Sunday, April 29, 2012

GOP Candidate Is A Convicted Felon

The person pictured above is Fabian Tankesly, the lone Republican candidate for the Precinct 2 Potter County Commission seat in east Amarillo (the only seat on the County Commission generally considered to be a safe seat for Democrats). While Republicans were initially happy to have a candidate in the race, it now looks like Tankesly will not be on the November ballot.

That's because state law bars convicted felons from running for public office (unless they have been officially pardoned) -- and Tankesly is a convicted felon. And not just once -- he has been convicted of felonies four times, with the last being in 2002 (and at least two of those convictions were for Unauthorized Use of a Motor Vehicle). The Republican county chair said he is investigating the matter, and will remove Tankesly from the ballot if he is a convicted felon who has not been pardoned.

Tankesly admits he is a convicted felon and has not received a pardon, but says he will continue to run for the seat until told by the county party he is ineligible. He says he was not trying to hide his past, although he submitted the necessary paperwork with his signature below the paragraph saying he was not a convicted and unpardoned felon.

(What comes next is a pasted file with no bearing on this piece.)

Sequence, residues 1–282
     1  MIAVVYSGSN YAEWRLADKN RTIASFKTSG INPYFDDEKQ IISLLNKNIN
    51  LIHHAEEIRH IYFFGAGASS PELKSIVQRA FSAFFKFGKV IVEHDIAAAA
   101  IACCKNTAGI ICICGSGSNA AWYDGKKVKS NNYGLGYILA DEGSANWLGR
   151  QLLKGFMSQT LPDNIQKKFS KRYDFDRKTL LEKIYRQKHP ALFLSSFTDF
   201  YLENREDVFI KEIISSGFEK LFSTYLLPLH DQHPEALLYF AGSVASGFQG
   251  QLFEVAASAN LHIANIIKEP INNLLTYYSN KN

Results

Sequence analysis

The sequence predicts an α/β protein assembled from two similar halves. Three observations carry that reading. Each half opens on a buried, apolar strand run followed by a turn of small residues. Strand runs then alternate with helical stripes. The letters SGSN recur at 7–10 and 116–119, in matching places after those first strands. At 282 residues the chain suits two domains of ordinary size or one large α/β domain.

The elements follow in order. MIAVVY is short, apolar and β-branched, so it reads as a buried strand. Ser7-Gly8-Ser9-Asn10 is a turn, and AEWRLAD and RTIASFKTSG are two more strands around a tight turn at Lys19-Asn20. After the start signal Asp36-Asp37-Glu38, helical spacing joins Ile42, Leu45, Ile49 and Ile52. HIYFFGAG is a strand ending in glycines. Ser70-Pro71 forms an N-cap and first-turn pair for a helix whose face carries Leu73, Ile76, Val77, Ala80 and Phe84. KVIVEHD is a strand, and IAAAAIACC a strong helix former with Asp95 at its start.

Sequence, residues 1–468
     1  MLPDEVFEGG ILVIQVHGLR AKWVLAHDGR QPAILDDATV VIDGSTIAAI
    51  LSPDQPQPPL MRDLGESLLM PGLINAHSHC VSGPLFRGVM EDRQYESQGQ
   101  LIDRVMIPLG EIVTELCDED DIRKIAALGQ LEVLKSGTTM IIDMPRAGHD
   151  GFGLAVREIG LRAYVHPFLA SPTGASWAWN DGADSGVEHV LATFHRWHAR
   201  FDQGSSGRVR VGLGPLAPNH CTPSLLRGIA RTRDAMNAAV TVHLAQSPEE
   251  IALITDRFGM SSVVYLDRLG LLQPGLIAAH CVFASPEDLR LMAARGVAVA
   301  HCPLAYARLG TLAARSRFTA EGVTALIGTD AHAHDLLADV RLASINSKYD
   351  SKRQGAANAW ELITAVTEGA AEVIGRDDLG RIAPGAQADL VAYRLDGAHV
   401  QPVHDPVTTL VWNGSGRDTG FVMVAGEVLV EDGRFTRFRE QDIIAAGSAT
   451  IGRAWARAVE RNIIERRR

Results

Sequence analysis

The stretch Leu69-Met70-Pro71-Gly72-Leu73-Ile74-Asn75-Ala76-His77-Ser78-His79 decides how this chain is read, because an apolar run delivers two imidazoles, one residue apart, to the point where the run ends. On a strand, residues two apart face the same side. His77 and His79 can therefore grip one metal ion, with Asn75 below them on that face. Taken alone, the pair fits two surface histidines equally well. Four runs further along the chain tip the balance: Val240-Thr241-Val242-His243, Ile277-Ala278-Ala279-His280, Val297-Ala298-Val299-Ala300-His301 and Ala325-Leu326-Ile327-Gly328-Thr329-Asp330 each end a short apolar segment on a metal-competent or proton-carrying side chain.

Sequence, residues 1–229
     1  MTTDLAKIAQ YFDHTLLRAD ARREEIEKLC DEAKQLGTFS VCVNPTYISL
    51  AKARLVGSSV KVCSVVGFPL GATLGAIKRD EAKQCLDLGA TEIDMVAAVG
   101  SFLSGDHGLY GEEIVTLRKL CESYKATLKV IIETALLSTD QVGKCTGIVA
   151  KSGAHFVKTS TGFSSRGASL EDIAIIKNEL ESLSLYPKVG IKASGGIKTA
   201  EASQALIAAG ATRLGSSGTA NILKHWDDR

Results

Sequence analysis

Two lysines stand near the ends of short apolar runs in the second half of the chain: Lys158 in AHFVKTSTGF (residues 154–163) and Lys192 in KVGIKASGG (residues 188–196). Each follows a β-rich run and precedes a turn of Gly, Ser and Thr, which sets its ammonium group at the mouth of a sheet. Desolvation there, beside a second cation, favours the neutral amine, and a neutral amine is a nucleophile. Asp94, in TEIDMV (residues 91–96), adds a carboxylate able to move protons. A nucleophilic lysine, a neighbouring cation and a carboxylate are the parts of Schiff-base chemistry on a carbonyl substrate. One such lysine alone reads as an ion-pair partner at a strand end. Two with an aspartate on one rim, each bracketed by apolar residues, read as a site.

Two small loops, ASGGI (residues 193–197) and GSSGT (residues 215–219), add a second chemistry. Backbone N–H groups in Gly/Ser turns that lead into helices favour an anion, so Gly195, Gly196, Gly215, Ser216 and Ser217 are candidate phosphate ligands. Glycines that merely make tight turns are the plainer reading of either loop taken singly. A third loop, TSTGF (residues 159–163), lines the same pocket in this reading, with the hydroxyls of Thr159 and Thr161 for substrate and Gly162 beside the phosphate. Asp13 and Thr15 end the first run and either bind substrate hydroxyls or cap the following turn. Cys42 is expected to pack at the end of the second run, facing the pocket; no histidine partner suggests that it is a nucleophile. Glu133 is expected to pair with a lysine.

He said he had turned in the paperwork on a form printed in Spanish (a language he is not fluent in) and didn't realize what the paragraph had said. That seems a little suspect, since the forms are readily available in both English and Spanish.


  1. Why does it have to matter? Why does a felon have to lose their rights? Why do we have to keep punishing, after they served their punishment?

  2. Good question. People can vote in this state once they have completed their sentence (including parole). I personally don't see why they shouldn't be allowed to run for office, also. If the voters don't want them to serve, they can always vote against them.


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